27 April 2010 Cell phones as imaging sensors
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Abstract
Camera phones are ubiquitous, and consumers have been adopting them faster than any other technology in modern history. When connected to a network, though, they are capable of more than just picture taking: Suddenly, they gain access to the power of the cloud. We exploit this capability by providing a series of image-based personal advisory services. These are designed to work with any handset over any cellular carrier using commonly available Multimedia Messaging Service (MMS) and Short Message Service (SMS) features. Targeted at the unsophisticated consumer, these applications must be quick and easy to use, not requiring download capabilities or preplanning. Thus, all application processing occurs in the back-end system (i.e., as a cloud service) and not on the handset itself. Presenting an image to an advisory service in the cloud, a user receives information that can be acted upon immediately. Two of our examples involve color assessment - selecting cosmetics and home décor paint palettes; the third provides the ability to extract text from a scene. In the case of the color imaging applications, we have shown that our service rivals the advice quality of experts. The result of this capability is a new paradigm for mobile interactions - image-based information services exploiting the ubiquity of camera phones.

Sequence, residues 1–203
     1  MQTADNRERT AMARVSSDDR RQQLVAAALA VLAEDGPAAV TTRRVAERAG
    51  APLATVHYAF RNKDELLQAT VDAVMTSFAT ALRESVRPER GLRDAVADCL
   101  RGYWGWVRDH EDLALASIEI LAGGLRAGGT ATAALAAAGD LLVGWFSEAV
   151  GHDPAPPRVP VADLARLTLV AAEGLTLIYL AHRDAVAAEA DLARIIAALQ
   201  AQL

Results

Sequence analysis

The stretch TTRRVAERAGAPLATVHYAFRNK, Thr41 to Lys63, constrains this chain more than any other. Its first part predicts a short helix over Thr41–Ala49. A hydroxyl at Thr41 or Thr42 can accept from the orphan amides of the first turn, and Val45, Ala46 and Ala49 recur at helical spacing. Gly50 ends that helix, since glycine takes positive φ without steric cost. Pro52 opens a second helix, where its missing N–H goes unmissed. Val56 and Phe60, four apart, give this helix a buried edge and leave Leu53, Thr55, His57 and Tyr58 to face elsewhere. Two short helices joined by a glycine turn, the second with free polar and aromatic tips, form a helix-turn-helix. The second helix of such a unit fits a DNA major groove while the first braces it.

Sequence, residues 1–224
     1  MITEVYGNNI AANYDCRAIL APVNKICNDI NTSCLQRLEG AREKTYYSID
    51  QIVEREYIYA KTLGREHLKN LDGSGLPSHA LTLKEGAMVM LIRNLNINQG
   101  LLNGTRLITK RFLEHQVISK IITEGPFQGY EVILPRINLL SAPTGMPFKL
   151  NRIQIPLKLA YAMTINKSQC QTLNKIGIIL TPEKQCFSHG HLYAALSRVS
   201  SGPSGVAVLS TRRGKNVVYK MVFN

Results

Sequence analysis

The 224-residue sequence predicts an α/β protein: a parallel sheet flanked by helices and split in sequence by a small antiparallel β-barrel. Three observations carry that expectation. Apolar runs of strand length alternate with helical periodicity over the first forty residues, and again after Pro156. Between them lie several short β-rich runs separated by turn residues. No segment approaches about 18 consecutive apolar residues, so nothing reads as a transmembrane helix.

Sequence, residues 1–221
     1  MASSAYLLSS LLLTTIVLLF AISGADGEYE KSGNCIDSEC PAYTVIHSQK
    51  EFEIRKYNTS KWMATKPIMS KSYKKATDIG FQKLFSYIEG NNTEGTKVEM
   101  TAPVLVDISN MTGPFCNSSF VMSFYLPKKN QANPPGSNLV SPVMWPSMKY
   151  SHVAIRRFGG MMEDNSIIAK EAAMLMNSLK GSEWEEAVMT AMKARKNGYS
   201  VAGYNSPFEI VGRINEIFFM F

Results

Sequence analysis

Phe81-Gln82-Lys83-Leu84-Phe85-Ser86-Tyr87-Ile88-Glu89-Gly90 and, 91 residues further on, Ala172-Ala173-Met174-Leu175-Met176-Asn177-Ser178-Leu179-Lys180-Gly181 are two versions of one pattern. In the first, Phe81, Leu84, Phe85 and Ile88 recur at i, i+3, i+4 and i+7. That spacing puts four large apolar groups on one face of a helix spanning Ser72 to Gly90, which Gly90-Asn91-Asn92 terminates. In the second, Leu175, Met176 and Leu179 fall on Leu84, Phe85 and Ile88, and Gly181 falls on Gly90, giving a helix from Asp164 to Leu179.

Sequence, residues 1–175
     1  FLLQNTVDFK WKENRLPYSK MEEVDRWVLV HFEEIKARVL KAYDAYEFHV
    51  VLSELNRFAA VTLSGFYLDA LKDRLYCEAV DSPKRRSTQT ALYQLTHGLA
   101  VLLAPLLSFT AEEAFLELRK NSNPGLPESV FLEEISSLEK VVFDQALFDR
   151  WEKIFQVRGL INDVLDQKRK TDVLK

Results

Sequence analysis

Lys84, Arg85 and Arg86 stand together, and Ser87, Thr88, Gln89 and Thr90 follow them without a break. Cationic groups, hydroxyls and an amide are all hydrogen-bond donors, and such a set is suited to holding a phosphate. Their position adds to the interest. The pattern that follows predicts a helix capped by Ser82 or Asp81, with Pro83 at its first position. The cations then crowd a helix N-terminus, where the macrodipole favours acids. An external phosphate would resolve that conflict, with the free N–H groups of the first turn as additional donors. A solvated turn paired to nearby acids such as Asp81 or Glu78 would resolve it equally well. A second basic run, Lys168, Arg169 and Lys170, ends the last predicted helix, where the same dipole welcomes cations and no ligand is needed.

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Nina Bhatti, Nina Bhatti, Harlyn Baker, Harlyn Baker, Joanna Marguier, Joanna Marguier, Jérôme Berclaz, Jérôme Berclaz, Sabine Süsstrunk, Sabine Süsstrunk, } "Cell phones as imaging sensors", Proc. SPIE 7708, Mobile Multimedia/Image Processing, Security, and Applications 2010, 770802 (27 April 2010); doi: 10.1117/12.855626; https://doi.org/10.1117/12.855626
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